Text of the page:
Wednesday, April 06, 2011

Jammu and Kashmir: Hundreds held each year without charge or trial

Amnesty International, March 21, 2011

The Indian state of Jammu and Kashmir is holding hundreds of people each year without charge or trial in order to ‘keep them out of circulation’, a new Amnesty International report released today shows.

A ‘Lawless Law’: Detentions under the Jammu and Kashmir Public Safety Act, documents how the Public Safety Act (PSA) is used to secure the long-term detention of individuals against whom there is insufficient evidence for a trial.

Estimates of the number detained under the PSA over the past two decades range from 8,000-20,000, with 322 reportedly held from January to September 2010 alone.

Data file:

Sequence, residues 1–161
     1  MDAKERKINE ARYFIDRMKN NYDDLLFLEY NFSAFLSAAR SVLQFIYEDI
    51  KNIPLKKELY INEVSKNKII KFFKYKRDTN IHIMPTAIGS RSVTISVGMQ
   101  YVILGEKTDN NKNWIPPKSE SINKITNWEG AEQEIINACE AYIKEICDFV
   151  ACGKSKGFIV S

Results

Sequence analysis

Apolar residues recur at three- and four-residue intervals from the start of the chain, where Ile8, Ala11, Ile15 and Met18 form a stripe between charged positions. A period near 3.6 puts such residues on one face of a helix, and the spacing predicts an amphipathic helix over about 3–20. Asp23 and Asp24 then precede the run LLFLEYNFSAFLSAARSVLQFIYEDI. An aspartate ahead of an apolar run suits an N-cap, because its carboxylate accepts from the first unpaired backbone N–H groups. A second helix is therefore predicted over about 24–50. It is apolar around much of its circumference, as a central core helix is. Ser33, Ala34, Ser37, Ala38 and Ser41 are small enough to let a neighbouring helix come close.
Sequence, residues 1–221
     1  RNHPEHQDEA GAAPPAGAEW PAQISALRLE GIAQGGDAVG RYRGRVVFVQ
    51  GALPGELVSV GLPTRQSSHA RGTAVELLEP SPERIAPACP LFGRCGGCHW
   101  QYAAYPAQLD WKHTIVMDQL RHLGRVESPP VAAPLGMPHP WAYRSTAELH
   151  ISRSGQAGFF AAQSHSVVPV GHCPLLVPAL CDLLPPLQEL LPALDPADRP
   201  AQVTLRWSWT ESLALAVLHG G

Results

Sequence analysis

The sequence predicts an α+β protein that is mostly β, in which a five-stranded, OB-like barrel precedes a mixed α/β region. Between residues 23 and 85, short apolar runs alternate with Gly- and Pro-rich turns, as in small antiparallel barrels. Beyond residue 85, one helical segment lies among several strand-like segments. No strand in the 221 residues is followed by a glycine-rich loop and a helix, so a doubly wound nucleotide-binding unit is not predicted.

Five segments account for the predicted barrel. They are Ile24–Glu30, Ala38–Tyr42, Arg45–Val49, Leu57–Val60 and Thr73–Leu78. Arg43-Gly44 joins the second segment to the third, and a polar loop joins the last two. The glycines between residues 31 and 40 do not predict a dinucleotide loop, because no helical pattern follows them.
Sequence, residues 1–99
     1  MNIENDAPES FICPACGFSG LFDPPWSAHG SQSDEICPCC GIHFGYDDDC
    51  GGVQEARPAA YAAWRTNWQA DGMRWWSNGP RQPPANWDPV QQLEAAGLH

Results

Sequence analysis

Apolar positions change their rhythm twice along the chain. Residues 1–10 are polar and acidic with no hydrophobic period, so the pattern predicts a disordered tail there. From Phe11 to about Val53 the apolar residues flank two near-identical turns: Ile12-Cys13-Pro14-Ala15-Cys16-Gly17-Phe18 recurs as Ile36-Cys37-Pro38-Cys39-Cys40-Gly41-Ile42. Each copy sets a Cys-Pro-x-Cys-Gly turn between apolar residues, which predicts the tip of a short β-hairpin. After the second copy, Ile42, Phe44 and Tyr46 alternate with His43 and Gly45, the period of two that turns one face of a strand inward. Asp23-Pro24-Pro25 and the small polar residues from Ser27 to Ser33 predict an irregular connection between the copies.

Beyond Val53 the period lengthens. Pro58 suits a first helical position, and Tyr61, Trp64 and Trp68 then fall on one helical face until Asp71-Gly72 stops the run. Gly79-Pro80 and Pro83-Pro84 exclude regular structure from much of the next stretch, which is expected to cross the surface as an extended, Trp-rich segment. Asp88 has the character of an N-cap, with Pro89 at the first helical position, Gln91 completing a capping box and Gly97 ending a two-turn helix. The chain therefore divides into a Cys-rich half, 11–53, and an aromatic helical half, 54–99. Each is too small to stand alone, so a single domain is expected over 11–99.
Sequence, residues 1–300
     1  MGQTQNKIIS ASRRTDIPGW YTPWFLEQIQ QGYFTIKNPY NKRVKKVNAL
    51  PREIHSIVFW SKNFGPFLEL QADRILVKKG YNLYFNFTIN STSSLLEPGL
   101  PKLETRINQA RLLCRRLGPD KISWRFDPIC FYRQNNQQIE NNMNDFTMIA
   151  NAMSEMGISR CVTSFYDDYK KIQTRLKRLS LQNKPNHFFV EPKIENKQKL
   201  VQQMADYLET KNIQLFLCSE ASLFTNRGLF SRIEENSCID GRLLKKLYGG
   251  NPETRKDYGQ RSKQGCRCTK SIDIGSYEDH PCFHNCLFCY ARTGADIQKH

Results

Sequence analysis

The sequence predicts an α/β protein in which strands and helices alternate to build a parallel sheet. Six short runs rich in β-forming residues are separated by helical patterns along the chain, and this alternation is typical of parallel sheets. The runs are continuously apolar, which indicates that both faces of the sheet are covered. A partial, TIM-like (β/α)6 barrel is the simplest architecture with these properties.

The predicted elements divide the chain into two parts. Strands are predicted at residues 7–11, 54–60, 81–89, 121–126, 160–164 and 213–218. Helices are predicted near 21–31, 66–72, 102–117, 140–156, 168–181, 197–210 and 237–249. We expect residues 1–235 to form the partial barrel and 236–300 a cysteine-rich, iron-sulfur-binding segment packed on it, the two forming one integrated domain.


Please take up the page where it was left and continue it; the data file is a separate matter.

“The Jammu and Kashmir authorities are using PSA detentions as a revolving door to keep people they can’t or won’t convict through proper legal channels locked up and out of the way,” said Sam Zarifi, Amnesty International’s Asia-Pacific Director.

“Hundreds of people are being held each year on spurious grounds, with many exposed to higher risk of torture and other forms of ill-treatment.”

Detainees include political leaders and activists, suspected members or supporters of armed opposition groups, lawyers, journalists and protesters, including children. Often, they are initially picked up for ‘unofficial’ interrogation, during which time they have no access to a lawyer or their families.

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